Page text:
wet baby on my lap while she retrieved her cell phone from her ample breasts
and proceeded to chat away happily until a second cell phone rang and she
retrieved this from the same locus and spoke on both phones alternately. She
did no however appear to have money for diapers or school fees. Perhaps this
is a sign of the south meeting the west in the 21century but I don't think
that this is going to bridge the poverty gap.
Obviously we have another type of looming poverty in the 21c which comes in
the form of displaced peoples. As European countries tighten up on their
immigration laws poorer countries will be the destination for growing
numbers of refugees and asylum seekers (cf. statistics for South Africa in
2010). What forms of education will these people then obtain? It seems to my
mind that the educational gap is going to widen on this planet and I don't
see how computers are going to step in unless in a truly expansive fashion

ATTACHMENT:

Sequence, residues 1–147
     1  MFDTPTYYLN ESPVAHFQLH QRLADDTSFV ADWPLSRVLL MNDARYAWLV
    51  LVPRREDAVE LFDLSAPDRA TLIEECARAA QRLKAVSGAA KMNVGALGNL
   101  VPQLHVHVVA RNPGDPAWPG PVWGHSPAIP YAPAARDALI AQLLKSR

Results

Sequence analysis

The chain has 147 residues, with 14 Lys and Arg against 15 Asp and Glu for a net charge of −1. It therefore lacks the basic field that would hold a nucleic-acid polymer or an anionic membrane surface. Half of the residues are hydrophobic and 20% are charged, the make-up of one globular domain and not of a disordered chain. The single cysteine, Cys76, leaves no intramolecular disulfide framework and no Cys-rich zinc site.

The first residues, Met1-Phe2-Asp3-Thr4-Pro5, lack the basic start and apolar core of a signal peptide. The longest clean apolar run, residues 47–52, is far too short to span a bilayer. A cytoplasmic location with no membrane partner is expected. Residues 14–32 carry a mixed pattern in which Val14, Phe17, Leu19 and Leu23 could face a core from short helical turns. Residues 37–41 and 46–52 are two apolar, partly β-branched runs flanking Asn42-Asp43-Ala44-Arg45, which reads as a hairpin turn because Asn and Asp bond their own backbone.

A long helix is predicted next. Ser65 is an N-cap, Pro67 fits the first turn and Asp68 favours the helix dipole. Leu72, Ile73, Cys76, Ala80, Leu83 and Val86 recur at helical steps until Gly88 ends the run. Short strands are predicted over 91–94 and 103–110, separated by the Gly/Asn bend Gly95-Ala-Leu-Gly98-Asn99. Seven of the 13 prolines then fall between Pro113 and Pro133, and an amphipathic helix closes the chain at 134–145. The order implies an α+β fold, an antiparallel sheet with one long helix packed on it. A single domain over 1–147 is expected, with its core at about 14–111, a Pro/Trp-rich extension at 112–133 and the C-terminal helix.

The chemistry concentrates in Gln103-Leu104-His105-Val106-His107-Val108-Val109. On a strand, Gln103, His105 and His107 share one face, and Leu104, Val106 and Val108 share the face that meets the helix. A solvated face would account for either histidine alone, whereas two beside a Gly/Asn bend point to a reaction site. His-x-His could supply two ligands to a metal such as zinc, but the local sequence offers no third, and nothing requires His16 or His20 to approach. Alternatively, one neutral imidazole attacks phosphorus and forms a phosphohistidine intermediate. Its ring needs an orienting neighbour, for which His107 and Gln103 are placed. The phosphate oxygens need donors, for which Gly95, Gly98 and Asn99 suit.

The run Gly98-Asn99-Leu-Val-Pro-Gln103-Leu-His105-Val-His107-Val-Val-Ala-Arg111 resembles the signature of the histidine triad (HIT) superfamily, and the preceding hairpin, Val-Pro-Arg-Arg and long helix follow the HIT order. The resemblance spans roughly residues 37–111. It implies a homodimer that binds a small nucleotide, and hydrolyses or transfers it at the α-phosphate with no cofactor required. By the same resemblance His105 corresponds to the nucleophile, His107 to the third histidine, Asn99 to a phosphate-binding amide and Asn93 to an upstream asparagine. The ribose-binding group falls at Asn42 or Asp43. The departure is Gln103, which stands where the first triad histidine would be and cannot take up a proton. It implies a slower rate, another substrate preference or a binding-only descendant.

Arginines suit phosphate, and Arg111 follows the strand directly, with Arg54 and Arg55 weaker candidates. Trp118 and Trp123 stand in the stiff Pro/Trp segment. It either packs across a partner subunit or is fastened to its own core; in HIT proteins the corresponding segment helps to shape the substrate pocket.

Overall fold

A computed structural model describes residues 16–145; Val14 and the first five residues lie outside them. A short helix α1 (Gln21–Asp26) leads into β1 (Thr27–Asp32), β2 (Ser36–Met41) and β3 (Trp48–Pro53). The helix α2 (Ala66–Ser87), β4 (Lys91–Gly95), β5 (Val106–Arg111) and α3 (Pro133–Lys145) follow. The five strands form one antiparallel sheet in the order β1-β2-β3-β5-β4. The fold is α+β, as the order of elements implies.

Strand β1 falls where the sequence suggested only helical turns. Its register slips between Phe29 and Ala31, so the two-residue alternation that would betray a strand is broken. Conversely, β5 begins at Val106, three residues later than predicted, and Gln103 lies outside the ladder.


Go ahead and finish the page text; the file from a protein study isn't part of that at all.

as indicated by Yrjo's article. Just as a matter of interest have you read
the article by Bhabha (1996) entitled 'culture's in-between'? (this was to

Well... happy 2011

-----Original Message-----
From: xmca-bounces@weber.ucsd.edu [mailto:xmca-bounces@weber.ucsd.edu] On
Behalf Of mike cole
Sent: samedi 1 janvier 2011 05:55
To: eXtended Mind, Culture,Activity
Cc: Laboratory of Comparative Human Cognition Internal List
Subject: [xmca] Thoughts on Digital Technologies and Poverty

A quiet evening in a warm dry home sure is a nice place from which to look
forward, backward, and around on a New Year's eve. For a variety of reasons,
I wrote down the following thoughts. Bail at any time!  :-)

Thoughts About Digital Technology and Poverty